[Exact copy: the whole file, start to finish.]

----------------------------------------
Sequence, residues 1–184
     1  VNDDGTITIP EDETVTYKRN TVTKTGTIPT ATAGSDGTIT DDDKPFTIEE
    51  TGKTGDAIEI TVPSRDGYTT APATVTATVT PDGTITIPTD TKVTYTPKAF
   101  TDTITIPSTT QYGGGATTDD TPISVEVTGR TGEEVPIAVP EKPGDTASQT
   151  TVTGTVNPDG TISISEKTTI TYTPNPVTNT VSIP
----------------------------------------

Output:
Sequence, residues 1–184
     1  VNDDGTITIP EDETVTYKRN TVTKTGTIPT ATAGSDGTIT DDDKPFTIEE
    51  TGKTGDAIEI TVPSRDGYTT APATVTATVT PDGTITIPTD TKVTYTPKAF
   101  TDTITIPSTT QYGGGATTDD TPISVEVTGR TGEEVPIAVP EKPGDTASQT
   151  TVTGTVNPDG TISISEKTTI TYTPNPVTNT VSIP